There is a vast difference between sound that hurts to hear and sound that is loud enough to cause damage.   
 
.........
 
I have to assume at this point that there isn't any science to back up the assertion that "normal" sounds aren't harmful for people with H.
 
.........
 
Normal sounds aren't harmful to people with hyperacusis.  They can sometimes hurt.  They can cause setbacks.  They do no lasting harm to one's hearing.
 
Rob 
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marv

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Reply with quote  #22 
Rob,

You wrote:  

"Normal sounds aren't harmful to people with hyperacusis. They do no lasting harm to one's hearing."


When I'm talking about "hearing", I'm not talking about the cochlea, which I'll accept that according to Jastreboff, doesn't play a role in hyperacusis. So I'll accept that normal sounds don't cause damage to the cochlea, the hair cells, or cause hearing loss. But that doesn't address the symptoms people with hyperacusis experience, i.e. increased tinnitus, increased sensitivity, and ear pain, to name a few. What's the scientific evidence you're using to make the assertion that these symptoms aren't lasting?

Marv


Marv
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Ebhak

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Reply with quote  #23 
I see all the points here, I see what Rorb is saying about physical damage to those cells, but as far as a setback or furthering along some auto-protective mechanisms or cascade of events in other structures, I am not so sure.  I do think that there are more subtle elements going on and there is a balance between proper exposure and protection, as in, certain disharmonic types of sound that freak the body into this mode...  Sorry for the crude way of putting it but it's what it seems.

Yesterday, it was only a moment, and the sounds were likely over 85db, but someone let me get in there car without thinking that when they turn it on their stereo system was on full blast, all it took was a few seconds to send me into a "setback", again, this has happened from ipod too loud and other things, so it might not be the best example, BUT to a lesser extent this same thing can happen from quieter sounds that are definitely below.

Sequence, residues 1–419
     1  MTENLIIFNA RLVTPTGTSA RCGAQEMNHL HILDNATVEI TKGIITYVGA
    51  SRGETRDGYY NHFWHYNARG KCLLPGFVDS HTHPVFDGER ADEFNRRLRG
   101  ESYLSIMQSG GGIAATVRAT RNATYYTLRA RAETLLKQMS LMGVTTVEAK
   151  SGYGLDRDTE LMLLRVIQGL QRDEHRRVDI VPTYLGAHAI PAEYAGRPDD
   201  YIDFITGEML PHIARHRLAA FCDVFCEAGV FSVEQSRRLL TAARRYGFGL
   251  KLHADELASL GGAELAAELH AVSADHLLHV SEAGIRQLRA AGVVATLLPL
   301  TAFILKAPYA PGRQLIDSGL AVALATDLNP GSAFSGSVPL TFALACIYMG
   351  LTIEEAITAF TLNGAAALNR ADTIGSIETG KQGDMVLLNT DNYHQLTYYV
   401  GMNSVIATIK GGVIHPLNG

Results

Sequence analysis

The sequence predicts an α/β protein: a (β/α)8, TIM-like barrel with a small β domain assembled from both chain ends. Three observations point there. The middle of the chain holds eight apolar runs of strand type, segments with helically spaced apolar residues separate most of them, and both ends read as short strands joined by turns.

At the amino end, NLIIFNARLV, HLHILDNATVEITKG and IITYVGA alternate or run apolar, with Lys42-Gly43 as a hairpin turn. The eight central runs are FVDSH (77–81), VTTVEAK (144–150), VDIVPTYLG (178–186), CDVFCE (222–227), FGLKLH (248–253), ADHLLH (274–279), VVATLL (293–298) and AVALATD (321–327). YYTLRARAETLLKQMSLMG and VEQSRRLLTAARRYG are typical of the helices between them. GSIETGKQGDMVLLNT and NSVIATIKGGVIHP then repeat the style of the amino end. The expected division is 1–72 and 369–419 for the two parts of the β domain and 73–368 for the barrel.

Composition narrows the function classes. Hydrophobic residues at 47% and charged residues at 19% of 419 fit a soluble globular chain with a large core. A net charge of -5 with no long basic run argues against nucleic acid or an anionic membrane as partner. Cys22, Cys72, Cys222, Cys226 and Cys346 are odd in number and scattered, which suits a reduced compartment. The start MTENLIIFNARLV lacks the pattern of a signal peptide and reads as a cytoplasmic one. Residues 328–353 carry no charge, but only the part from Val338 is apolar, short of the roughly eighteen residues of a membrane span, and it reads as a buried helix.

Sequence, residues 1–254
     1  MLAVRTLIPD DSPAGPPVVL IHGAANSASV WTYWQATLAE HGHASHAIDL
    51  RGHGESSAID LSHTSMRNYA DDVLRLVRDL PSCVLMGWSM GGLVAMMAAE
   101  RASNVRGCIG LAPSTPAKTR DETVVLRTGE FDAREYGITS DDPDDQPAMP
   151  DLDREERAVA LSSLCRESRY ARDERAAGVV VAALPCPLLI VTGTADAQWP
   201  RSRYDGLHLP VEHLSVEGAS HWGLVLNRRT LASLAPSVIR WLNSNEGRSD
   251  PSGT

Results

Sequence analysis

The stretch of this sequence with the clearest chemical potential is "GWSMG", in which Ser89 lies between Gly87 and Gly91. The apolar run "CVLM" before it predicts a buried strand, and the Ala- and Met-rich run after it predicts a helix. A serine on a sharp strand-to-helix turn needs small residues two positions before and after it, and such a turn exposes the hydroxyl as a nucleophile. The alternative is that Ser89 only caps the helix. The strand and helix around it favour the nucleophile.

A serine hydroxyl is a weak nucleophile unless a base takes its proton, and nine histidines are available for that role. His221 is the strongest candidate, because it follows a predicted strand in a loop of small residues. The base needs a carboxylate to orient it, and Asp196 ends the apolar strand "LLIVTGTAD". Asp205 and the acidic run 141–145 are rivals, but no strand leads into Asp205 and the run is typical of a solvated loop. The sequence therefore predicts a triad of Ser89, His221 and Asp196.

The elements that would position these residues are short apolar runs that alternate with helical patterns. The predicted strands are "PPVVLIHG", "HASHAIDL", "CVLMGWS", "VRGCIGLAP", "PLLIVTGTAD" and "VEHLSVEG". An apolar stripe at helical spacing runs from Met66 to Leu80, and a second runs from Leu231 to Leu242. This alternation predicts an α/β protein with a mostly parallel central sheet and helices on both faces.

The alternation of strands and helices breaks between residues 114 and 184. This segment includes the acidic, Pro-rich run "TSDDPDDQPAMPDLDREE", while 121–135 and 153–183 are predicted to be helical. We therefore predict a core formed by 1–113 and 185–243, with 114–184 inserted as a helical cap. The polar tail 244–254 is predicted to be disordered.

Peoples lack of conscientiousness can be disturbing sometimes, I am very tired, was up late but even after 9 hours am still tired and can feel my ears trying to spring back, if I could stay in bed all day it might help.  In general, I find extra sleep especially after any troubling noise exposure, helps.

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Rob

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Reply with quote  #24 
Marv --
 
Anyone who is concerned that exposure to sound that is not dangerously loud to a non-hyperacusic could cause permanent increased tinnitus, permanent increased hyperacusis, or permanent ear pain should discuss these concerns with clinician who is knowledgeable about hyperacusis, tinnitus and phonophobia.      
 
Rob
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DrJ

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Reply with quote  #25 
Good topic and yet there stands in the road an enormous elephant, one that blocks much of the work that must be done to define and unlock the mysteries of T and H.

It is the lack of objective testing.  That elephant fills the whole space and we will not be able to move forward until sophisticated imaging techniques, in current modes that show the living function of our physiological function, are developed and studied and 'proved' effective.

Subjective testing can be very useful and has shown to be relatively reliable, say, in certain areas but that research is more limited in the field of hyperacusis, at least it appears so to me.

Hyperacusis and reactive tinnitus both fall into an area that encompasses both physiology and psychology, wouldn't you agree?  Very similar to pain in many ways, upon which there are vast numbers of studies.

When someone is sad or anxious, pain is greater.  When someone is happy or relaxed, pain is less.  There are studies that demonstrate this very replicably in the literature.

I think there are some similarities with H, for example, as I have certainly seen a lot of fluctuations in degree of sensitivities in certain patients and most people have remarked that with T, when they are busy or occupied, mentally, that the T does often fade more into the background.

If H was a purely physical phenomena, like a broken bone, then would cognitive therapy be able to impact it?  Well, maybe slightly.  Better to have a broken bone IN the emergency room than lying alone off a mountain trail completely out of sight and at dusk, right?  We contribute to our feelings with our knowledge base.